it doesn't matter because on the freak chance that he does make it through the GOP primary, he's going to be turned into a tea party nut by the end of it. The same thing will happen to Christie that happened to Romney. It doesn't matter what his record is in NJ or who voted for him how large his margin was the other day, he is going to have to sign onto all the crackpot stuff that is going to be demanded from the GOP base like doing a 180 on climate change among other things. Rand Paul is already having an "investigation" into how Christie handled hurricane funds. Get out the popcorn and buckle your seat belts. We are going to get quite a show!

    Shrug (none / 0) (#30)
    by jbindc on Fri Nov 08, 2013 at 02:09:47 PM EST
    Again, it's three years away.  People run their mouths off now, but when push comes to shove, the will go with their party.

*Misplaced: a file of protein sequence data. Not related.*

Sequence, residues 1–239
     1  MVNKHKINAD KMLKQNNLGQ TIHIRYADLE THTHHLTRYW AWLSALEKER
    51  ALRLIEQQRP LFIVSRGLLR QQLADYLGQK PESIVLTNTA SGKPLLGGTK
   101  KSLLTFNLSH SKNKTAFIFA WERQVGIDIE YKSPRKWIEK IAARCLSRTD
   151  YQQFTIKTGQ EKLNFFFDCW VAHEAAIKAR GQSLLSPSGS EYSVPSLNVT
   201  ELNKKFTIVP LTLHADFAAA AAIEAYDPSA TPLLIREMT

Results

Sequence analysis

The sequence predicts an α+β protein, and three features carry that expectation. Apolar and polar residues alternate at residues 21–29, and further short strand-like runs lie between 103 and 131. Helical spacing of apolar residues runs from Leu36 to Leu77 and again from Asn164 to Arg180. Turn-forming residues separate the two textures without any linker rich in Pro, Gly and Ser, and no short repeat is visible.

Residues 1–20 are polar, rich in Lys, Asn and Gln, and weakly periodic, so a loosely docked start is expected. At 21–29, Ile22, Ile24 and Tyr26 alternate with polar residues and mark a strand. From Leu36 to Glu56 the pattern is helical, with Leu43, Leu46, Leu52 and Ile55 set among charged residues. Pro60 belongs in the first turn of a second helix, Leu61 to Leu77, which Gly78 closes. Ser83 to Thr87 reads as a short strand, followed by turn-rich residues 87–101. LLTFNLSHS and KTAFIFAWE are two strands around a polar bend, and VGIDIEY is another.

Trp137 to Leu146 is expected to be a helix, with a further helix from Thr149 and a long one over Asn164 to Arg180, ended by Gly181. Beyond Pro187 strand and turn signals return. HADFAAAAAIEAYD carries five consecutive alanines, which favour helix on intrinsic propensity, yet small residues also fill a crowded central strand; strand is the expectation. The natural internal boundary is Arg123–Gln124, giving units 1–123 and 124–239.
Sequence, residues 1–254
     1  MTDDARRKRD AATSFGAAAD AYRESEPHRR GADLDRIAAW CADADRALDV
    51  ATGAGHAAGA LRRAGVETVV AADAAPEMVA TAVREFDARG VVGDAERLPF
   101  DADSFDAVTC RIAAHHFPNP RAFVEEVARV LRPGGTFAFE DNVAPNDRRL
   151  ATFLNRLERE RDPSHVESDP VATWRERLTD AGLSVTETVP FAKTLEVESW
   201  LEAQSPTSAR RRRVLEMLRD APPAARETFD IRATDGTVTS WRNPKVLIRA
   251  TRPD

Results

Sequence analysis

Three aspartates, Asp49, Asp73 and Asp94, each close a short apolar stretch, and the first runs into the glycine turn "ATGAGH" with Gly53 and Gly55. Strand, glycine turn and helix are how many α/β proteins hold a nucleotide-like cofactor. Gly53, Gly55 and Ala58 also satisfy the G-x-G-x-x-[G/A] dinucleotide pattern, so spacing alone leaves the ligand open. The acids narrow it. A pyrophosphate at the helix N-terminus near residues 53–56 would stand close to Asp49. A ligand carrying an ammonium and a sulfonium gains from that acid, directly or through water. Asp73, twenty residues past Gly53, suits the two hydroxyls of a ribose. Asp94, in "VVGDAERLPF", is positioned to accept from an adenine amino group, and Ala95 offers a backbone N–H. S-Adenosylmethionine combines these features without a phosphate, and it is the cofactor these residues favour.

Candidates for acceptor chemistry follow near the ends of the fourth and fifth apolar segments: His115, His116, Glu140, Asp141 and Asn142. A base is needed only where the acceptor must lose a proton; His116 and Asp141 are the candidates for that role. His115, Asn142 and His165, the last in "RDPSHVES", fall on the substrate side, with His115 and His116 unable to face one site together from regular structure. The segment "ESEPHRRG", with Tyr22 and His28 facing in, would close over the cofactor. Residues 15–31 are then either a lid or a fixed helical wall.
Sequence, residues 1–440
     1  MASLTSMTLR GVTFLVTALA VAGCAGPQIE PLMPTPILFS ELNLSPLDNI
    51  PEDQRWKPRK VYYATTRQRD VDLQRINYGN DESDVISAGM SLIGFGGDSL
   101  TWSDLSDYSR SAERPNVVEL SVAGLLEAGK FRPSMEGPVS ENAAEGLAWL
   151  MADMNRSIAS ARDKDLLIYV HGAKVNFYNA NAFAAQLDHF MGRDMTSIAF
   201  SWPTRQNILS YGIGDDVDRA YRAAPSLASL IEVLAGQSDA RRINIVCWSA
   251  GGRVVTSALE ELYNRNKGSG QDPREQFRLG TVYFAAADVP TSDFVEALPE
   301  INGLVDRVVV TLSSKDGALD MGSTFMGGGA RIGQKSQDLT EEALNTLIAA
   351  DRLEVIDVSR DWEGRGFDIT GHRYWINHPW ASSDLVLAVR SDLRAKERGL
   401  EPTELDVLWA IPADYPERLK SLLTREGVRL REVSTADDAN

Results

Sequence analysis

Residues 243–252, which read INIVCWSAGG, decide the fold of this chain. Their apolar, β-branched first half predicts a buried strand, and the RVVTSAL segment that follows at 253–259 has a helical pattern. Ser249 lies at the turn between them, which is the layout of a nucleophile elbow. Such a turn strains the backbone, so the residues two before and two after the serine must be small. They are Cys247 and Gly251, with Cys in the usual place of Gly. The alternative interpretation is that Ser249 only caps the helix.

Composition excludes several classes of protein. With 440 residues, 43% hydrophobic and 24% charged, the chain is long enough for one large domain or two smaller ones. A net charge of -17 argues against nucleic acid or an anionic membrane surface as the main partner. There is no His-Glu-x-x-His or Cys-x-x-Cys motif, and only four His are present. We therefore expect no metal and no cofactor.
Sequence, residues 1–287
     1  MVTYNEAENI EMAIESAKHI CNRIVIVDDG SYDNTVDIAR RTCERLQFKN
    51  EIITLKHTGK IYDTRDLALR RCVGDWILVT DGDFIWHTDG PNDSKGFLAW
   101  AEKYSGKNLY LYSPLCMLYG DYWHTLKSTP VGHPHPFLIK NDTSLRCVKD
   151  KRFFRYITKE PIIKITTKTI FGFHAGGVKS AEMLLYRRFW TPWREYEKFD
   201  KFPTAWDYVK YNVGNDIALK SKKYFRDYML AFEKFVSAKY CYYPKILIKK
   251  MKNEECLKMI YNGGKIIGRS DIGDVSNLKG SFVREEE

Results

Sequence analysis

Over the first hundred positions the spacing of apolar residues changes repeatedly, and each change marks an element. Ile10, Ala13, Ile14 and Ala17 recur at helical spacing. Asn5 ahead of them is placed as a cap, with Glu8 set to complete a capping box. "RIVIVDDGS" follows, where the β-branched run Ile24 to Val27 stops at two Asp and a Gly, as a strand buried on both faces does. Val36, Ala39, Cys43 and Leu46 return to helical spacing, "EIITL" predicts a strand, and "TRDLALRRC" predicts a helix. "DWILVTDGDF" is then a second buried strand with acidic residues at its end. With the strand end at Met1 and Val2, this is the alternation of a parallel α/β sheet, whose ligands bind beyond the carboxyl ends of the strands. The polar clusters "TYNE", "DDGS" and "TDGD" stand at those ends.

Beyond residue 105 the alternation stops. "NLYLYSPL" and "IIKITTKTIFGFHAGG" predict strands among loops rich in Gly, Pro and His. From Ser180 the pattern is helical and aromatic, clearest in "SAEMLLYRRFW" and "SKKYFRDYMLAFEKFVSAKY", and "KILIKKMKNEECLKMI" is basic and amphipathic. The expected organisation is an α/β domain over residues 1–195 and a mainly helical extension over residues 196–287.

In fact, by then, there could easily be the "Shy Cuccinelli" / "Shy Christie" phenomenon in effect - tea partiers who loudly decry that they will "NEVER" vote for Christie, but i the privacy of the voting booth, will always pull the lever for him.

    I think there are too many variables and too much time to go be believe with absolute certainty, that Christie can't be the nominee.


    Christie (none / 0) (#32)
    by Ga6thDem on Fri Nov 08, 2013 at 02:14:07 PM EST
    has too many problems with the GOP base and he's not their only choice. So I think it's pretty safe to say that his chances of winning the nomination are very, very, slim.

    Even his religious beliefs are a problem. I mean every litmus test the GOP base has for a candidate he fails. Romney could at least sell himself as a business person which they like even though they hated his religion too. Christie just has nothing for them.


    Yeah (none / 0) (#33)
    by jbindc on Fri Nov 08, 2013 at 02:20:28 PM EST
    That's what they said about Romney - the Tea Party and evangelicals would never accept a Mormon. Romney won 43 of the 57 states / territories, including the Deep South. Romney most likely would have won Georgia too, except for the fact that Newt Gingrich was running and won as the home-state boy.

    Christie is a pro-life Roman Catholic.  So was Rick Santorum.